The New Normal Blood Pressure: What it means for you

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This story may raise your blood pressure. On Monday, November 13th, more than 15 million Americans became hypertensive.

New guidelines established by the American Heart Association, the American College of Cardiology and nine other health organizations labeled a majority (63%) of 45 to 75 year olds as hypertensive. Eight million more people will be instructed to start medication and 14 million will have to increase their current regimen.

The Numbers

New Normal BP: Under 120/80 Old Normal BP: Under 140/90

New Elevated BP: 120-129/anything Old “Prehypertension”: 120-139/80-89

Stage 1 Hypertension: 130-139/80-89

Stage 2 Hypertension: >140/90

The determination of high blood pressure requires at least two careful readings on at least two occasions. The guidelines indicate that “careful” means in a seated position, in a relaxed setting, not within 30 minutes of smoking, coffee or exercise.

How to determine your risk

In order to determine the appropriate treatment it is necessary to define not only your level of hypertension but also your risk category. This can be calculated with a standardized formula provided here.

Treatment Recommendations

If you have elevated blood pressure (120-129/anything), non-medical interventions are advised. These include diets high in fruits and vegetables and low in salt and bad fats, increased physical activity, an exercise regimen, weight loss where indicated, no smoking and limited alcohol consumption (women 1 serving/day, men 2 servings/day).

If you have Stage 1 (130-139/80-89), no cardiovascular disease and are at low risk (<10%), lifestyle modification is the place to begin.

If you have Stage 1 (130-139/80-89) and cardiovascular disease or risk above 10%, medication plus lifestyle modification is recommended.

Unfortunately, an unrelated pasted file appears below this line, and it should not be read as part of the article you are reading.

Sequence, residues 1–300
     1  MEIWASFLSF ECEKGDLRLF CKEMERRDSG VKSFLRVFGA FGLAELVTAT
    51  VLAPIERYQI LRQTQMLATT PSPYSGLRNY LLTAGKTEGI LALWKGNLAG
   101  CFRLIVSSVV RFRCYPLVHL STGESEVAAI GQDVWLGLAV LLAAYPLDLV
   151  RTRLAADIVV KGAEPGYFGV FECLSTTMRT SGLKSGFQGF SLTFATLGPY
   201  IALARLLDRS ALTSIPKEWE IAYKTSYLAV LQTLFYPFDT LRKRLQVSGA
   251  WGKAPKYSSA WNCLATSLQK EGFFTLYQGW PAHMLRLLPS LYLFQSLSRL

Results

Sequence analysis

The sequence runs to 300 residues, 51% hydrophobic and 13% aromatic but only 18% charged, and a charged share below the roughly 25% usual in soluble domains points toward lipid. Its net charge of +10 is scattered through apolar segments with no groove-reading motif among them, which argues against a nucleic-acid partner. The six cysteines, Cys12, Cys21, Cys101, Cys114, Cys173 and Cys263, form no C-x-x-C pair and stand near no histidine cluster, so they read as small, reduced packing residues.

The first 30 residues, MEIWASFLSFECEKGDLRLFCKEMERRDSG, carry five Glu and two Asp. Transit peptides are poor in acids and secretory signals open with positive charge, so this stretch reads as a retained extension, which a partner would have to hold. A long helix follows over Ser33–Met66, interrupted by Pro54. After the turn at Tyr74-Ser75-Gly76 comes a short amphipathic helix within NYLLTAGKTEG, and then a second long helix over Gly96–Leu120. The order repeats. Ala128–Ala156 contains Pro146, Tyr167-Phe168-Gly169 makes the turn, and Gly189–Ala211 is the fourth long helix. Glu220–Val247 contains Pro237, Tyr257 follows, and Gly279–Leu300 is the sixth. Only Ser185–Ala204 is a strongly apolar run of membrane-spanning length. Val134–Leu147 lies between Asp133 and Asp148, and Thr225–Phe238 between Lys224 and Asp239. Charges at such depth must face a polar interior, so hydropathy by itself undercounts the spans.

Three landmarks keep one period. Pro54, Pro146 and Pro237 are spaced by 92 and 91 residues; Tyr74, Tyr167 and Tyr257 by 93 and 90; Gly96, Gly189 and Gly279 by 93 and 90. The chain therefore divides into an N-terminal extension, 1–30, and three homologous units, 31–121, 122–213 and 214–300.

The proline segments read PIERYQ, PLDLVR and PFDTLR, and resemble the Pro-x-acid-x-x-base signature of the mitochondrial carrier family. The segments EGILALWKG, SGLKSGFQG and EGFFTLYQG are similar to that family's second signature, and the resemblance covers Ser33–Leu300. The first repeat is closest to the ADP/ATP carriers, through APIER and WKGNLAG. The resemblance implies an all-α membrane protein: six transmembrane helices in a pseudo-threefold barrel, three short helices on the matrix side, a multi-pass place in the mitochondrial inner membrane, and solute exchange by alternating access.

If you have Stage 2 (>140/90), both medication and lifestyle modification are recommended.

Why Care?

Elevated blood pressure (BP) is linked to cardiovascular disease and stroke, the leading causes of death in the United States. It’s also worth pointing out that living with cardiovascular disease or surviving a stroke or heart attack dramatically compromises your quality of life.

Hypertension is a silent killer. There are no warning signs. If you don’t measure your blood pressure, you won’t know if you’re one of the 50% of Americans who have hypertension.

A 20 point increase in systolic blood pressure (top number) or 10 point increase in diastolic (bottom number) doubles the risk of death from heart attack, stroke or other cardiovascular disease complication.

What does it mean?

These new guidelines send a clear message that is easily lost. The typical American life makes us sick, physically and fiscally. More than half of Americans regularly took a prescription medication before these new guidelines. High blood pressure alone costs $48.6 billion per year including healthcare services, medication and missed days of work.

We live with an epidemic that has been obscured by normalization. We know its cause and its cure yet we are losing the battle. It’s hard to change the way we eat when our supermarkets and restaurants are filled with foods that cause disease. It is considered normal to sit for most of our waking hours. Cigarettes, the leading preventable cause of death (>480,000 deaths per year, approximately 1 in 5 deaths), remain legal. Stress and sleep deprivation are the status quo.

Imagine an overflowing tub that is flooding your home. You try to mop up but can’t keep pace as the water seeps into every room. Experts provide costly new more absorbent mops but the flooding accelerates. This is our reality. To suggest that business, science and government pursue a working faucet remains a naïve idea.

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